Article Title:”Net neutral, shift gears: Now we must push forceful measures to extend full internet access to all Indians”
India’s battle for net neutrality is won for now, with last week’s Telecom Regulatory Authority of India (Trai) ruling going against Facebook’s socalled Free Basics service. But for those of us who had spoken in favour of net neutrality, it is not a time for celebrations. Rather, it is time to speak equally forcefully for steps to extend full internet access to the vast majority of Indians still without it.
It would be unconscionable not to do so. For despite its many shortcomings, Free Basics did have one argument in its favour, that some connectivity is better than none. Nevertheless, history shows that the full, un-fragmented internet is assuredly far, far superior. It was worth fighting for it to prevail, but the victory would be pyrrhic unless internet access becomes ubiquitous.
It is said that those who do not learn from history are doomed to repeat it. Many arguments on this topic seemed blissfully unaware of the internet’s history, which is relevant for India’s policy choices today. But first, as when I had earlier supported net neutrality here and elsewhere, a disclosure: I have family business interests that could have benefited from the lack of net neutrality.
Many do know, of course, that the internet was originally a US government defence project that was later opened up for use by the public. It was not the only one, with another being the satellite based global positioning system (GPS) for navigation. This was apparently forgotten by laissez faire supporters of Free Basics, who abhorred any governmental “interference” in how the digital divide should be bridged.
In fact, although the internet was opened to the public much earlier, it was not until a historic 1996 US legislation guaranteeing equal access that it could overcome the iron grip of fragmented but entrenched, oligopolistic communications networks. From 1970s through the mid-1990s, companies like CompuServe and America Online (AOL) dominated the pre-internet data communications space.
They were cutting edge for the time, and subscribers could message, participate on discussion boards, post classifieds and so on. But they were “walled gardens”, that is, closed user groups not connected to each other, and did not unleash the enormous benefits that the wide-open internet would. More importantly, their corporate owners wielded enormous power over what users could leverage those networks for, which resulted in stifling competition and innovation.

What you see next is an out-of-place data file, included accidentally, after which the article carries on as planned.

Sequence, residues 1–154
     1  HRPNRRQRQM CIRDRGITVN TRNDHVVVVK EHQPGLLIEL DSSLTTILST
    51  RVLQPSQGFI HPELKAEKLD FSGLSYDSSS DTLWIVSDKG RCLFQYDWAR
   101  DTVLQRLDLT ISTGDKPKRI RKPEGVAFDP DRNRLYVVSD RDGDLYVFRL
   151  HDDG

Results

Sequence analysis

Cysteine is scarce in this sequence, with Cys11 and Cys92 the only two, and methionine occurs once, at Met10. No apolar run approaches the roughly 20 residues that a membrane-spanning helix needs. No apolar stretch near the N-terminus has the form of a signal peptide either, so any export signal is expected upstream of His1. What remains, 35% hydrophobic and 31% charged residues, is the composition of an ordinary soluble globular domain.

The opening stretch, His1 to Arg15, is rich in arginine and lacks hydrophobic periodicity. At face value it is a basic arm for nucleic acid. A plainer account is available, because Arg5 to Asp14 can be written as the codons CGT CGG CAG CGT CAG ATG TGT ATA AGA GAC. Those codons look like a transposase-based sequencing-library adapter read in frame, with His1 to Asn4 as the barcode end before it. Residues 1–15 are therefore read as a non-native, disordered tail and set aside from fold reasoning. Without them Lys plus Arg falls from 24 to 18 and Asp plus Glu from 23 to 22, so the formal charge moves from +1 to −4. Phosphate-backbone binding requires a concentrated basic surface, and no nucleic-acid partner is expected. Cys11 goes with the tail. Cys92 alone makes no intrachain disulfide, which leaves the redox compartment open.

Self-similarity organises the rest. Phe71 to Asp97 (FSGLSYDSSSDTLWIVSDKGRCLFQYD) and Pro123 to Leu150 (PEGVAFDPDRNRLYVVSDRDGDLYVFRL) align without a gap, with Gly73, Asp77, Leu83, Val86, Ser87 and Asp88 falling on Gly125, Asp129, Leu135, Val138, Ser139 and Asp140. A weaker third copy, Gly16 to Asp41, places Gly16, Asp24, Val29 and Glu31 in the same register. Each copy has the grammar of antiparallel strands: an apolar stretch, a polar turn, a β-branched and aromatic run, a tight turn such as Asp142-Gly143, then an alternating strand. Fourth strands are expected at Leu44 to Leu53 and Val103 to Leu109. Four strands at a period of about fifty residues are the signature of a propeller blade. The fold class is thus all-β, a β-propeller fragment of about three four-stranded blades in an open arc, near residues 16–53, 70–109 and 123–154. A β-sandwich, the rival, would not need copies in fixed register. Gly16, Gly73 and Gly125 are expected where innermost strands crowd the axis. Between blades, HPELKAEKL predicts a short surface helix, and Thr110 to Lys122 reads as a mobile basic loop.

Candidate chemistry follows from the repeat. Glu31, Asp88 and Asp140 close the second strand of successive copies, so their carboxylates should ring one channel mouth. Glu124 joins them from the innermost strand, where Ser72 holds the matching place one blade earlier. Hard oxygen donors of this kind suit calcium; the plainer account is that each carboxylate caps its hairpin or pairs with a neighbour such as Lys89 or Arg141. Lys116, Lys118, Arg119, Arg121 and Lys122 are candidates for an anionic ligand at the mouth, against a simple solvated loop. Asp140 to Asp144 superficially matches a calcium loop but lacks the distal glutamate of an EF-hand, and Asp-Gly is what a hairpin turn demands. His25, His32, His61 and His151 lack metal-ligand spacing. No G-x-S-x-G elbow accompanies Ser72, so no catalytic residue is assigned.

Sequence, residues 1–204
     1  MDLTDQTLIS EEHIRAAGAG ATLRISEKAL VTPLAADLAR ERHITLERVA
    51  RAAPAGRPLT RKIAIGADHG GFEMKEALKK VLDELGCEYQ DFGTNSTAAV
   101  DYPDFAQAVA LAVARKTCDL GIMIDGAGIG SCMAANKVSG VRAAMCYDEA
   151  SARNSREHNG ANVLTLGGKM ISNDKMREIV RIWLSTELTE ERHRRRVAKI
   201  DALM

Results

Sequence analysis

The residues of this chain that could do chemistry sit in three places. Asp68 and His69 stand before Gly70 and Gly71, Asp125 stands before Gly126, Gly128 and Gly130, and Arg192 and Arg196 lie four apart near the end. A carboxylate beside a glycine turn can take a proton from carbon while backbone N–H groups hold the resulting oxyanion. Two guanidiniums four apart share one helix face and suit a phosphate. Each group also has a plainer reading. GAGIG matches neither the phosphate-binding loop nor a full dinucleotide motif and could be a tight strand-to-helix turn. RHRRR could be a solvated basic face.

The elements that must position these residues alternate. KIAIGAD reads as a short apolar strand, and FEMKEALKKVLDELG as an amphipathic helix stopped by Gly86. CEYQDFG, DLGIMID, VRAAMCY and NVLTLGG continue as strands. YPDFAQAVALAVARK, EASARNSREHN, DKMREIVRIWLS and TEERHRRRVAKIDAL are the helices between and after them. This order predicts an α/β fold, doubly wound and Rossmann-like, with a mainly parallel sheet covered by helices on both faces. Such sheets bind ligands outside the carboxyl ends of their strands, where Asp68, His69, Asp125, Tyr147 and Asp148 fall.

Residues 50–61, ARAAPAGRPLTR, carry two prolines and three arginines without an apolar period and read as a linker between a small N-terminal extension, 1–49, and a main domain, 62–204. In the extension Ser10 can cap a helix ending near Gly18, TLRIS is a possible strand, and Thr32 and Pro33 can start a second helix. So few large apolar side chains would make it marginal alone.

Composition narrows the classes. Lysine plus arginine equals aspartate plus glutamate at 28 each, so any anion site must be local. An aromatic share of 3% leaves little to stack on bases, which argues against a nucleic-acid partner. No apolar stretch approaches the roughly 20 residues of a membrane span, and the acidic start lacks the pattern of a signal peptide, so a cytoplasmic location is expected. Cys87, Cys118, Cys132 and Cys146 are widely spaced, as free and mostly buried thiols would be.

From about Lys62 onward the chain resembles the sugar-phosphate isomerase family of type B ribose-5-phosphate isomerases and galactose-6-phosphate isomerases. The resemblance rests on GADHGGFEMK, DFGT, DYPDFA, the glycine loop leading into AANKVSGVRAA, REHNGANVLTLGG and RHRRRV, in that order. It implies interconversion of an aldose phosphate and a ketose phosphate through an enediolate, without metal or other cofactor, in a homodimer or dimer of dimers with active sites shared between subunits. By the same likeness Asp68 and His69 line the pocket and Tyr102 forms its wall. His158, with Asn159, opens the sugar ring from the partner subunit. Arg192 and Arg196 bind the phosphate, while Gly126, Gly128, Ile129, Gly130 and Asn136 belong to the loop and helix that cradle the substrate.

It was not until President Bill Clinton pushed through the Telecommunications Act of 1996, that a major breakthrough occurred. Replacing an obsolete 1934 Act, it levelled the playing field for all forms of telecommunications. This stimulated competition among entrenched telecom giants (telcos) and also gave a huge boost to new Internet Service Providers (ISPs). The rest is history. Closed user groups fell by the wayside and the open internet grew exponentially. That made possible previously unimaginable services and innovations, including the success of Facebook itself and many others like it.
It was thus ironic for Facebook to try and leverage its size to recreate walled gardens all over again, in the biggest market where the internet is still beyond the reach of most. In any event, it has now withdrawn Free Basics from India, though not without churlish comments by one of its board members. There really is no free lunch, and letting giant companies re-establish oligopolistic, closed-group networks is not the answer.
As long ago as in the 1990s, the late, visionary head of Nasscom, Dewang Mehta had proposed that all Indians must be assured of the modern basics, which he called “Roti, Kapda, Makaan, Bijli aur Bandwidth” (food, clothing, housing, electricity and bandwidth). Not bandwidth to one or other closed user group controlled by a giant corporation with its own objectives, but plain-vanilla, open, un-fragmented, high-speed internet bandwidth.
So, how to go about connecting the hundreds of millions who are still without internet access? The answer is simple: by using funds that the government has explicitly collected for this very objective, and by policy changes in line with global norms.
Many countries cross subsidise within key sectors which ought to reach all citizens, like aviation and telecom. They impose a regulatory fee on operators in lucrative markets, and then use that money to extend services to less attractive markets. India does too, but has misused it. CAG reported that of the nearly Rs 59,000 crore raised from 2002-14 for the telecom Universal Service Obligation (USO) Fund, nearly Rs 33,000 crore was diverted to uses other than funding rural telecom and internet!
That is now being corrected, with Rs 72,000 crore of USO funding earmarked for the National Optical Fibre Network (NOFN), to extend broadband to every panchayat. This was sorely needed, since our 20-year obsession with spectrum had meant total neglect of all other technologies, some of which have bigger global footprints.
But more is needed, including making USO funds available to the private sector to foster competition, particularly as viability-gap for last mile rural connectivity, through reverse auctions.
Finally, competition-stifling policy bottlenecks must go. One glaring example is India’s unusual restrictions on connecting internet voice-telephony to mobile and landline networks. This has enabled telcos to continue enjoying traditional voiceservice revenues, while staving off internet voice competition. Allow it, like most nations do, and see how telcos, and others, scramble to push internet connectivity.